Difference between grower and layer?

Discussion in 'Feeding & Watering Your Flock' started by grandmaof5, Sep 19, 2010.

  1. grandmaof5

    grandmaof5 Songster

    Aug 8, 2009
    Central N.S.
    I'm ready to make the switch to grower from starter, but is the main difference between grower and layer the protein content? The girls are not ready to lay yet, (only 14 weeks old), so is there any advantage in buying layer yet? Should I make the switch now to grower?

  2. MakNugget

    MakNugget Songster

    May 31, 2010
    Portland, OR
    Protein and calcium content are different. You don't mention how many chickens you have, but at that age I would have purchased 2 50# bags before my three lay. I would stick with grower for now.
  3. AinaWGSD

    AinaWGSD Songster

    Apr 2, 2010
    Sullivan, IL
    The biggest difference is calcium, and protein. Growing chicks (not yet ready to lay) don't do well with the amount of calcium in layer feed. It can cause kidney damage if fed long enough to chicks that aren't using the extra calcium to produce eggs. Growth also requires more protein than laying, but it's less of a health issue as you can supplement protein if you need to. It's not too hard to add protein to their diet, but it's very difficult (nearly impossible) to reduce the calcium in their diet if you're feeding a layer feed.
  4. grandmaof5

    grandmaof5 Songster

    Aug 8, 2009
    Central N.S.
    Quote:I have only 3 Welsummers [​IMG] Ok then, the next bag will be grower...

  5. Chris09

    Chris09 Circle (M) Ranch

    Jun 1, 2009
    Most layer will have added Calcium, Vitamins and Minerals to aide in egg laying.
    Some feed manufacturing companies will have little to no difference in protein amount between a Starter and a Layer..
    A grower should always be less protein than a Starter and a layer..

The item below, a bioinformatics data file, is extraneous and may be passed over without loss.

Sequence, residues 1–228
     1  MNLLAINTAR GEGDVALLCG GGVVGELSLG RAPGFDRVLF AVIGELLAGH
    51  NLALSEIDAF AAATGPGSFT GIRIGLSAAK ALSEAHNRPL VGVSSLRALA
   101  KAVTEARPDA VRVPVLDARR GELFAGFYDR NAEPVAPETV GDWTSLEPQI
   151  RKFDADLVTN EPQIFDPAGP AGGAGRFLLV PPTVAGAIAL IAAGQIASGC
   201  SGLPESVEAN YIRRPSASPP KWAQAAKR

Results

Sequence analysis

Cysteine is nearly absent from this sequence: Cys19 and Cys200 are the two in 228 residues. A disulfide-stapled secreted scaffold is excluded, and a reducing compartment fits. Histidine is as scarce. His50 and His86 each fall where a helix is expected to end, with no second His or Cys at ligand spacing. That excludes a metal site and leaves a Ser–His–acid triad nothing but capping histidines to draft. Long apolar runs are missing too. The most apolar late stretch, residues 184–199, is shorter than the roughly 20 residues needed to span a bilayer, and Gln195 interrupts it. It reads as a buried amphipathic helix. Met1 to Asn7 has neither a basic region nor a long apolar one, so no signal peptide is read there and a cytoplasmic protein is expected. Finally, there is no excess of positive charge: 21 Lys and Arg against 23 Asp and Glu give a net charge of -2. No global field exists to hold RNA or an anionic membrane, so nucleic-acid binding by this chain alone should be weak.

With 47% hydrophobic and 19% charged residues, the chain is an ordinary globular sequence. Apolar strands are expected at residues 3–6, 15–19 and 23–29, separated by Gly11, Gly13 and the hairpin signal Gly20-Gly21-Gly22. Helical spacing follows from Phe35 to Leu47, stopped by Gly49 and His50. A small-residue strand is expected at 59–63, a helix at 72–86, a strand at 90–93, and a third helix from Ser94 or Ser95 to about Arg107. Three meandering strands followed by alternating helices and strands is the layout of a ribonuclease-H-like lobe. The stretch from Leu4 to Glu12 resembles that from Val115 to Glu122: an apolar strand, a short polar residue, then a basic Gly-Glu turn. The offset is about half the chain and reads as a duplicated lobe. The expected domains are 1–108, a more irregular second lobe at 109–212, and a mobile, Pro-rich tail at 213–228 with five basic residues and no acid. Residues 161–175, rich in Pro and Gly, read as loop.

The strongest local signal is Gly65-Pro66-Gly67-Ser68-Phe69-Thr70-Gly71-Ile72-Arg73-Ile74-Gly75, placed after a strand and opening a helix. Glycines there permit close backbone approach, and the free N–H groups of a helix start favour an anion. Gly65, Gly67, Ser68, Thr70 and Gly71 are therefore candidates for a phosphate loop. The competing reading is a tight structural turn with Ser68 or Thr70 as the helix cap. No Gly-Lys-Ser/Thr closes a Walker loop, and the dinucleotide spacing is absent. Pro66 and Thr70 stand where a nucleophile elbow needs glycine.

For example -
    One of the feed that I used to use had/was
    Starter 18% protein
    Grower 15% protein
    Layer-Breeder 18% protein
    Layer Crumbles 20% protein

  6. HeritageHens

    HeritageHens Chirping

    Aug 9, 2010
    Quote:I was reading this over at the Dummies site this morning. Your Welsummer heritage breed needs to develop slowly to be the best layer per the site.

    Grower pullet rations. If you’re raising young pullets to become layers, you want them to grow slowly enough to develop good strong bones and to reach a normal body weight before they begin producing eggs. High-protein diets tend to hurry the birds into production before their bodies are quite ready. Therefore, the ration for growing pullets, from leaving the brooder at 6 weeks to about 14 weeks, should be about 18 percent protein.

    “Developer or finishing” pullet rations. At 15 weeks, it’s ideal to lower the ration to 16 percent protein. From 15 weeks to 22 weeks old or until they begin laying eggs, whichever is first, protein levels should be about 16 percent. The object is to get them well grown without too much fat.

    Your feed should have normal levels of calcium and other vitamins until the birds start laying. If you feed a diet high in calcium and phosphorus to very young birds, it can damage their kidneys, so don’t begin feeding layer feed until pullets are at least 18 weeks old.

    Adult layer rations. After the hens reach the age of 22 weeks or begin laying, and throughout their laying careers, they need a protein level of 16 to 18 percent. The calcium and minerals should be formulated for laying hens.

    Read more: http://www.dummies.com/how-to/content/how-to-choose-commercial-chicken-feed.html#ixzz100UzbmZ3
  7. woodmort

    woodmort Songster

    Jul 6, 2010
    Oxford NY
    It's best to feed grower as long as possible--you can supplement calcium to any of the layers by putting out a small container with crushed oyster shells--at least until all the flock is laying. If you have extra grower, no problem, just mix it with the layer until it's gone. It's better for your birds to feed grower too long than layer too soon--no need to rush their development.
    Last edited: Sep 19, 2010
    rjohns39 and saltytaco728 like this.

  8. purecountrychicken

    purecountrychicken Songster

    Sep 11, 2008
    Gray Court, SC
    I never switch over to layer pellets untill I see the first egg. That seems to work best for me.
    rjohns39 likes this.
  9. rdcowman

    rdcowman Songster

    Oct 28, 2016
    i have different aged chickens so when i put my 4 month old chickens in, i needed to start everybody on grower food. i put them together when they were around 5 months old. when they all started laying i switched back to layer feed. i think my grower feed was 16% protein, and the layer feed is 18% protein. i switched a couple months ago, and it seems like i haven't had as many eggs as i should be getting. i have 18 chickens. 4 are molting. i get 2-3 eggs a day. That's not right! does switching feed affect egg production?

  10. rjohns39

    rjohns39 Enabler Premium Member

    Aug 20, 2015
    Smith County, TN
    it can.

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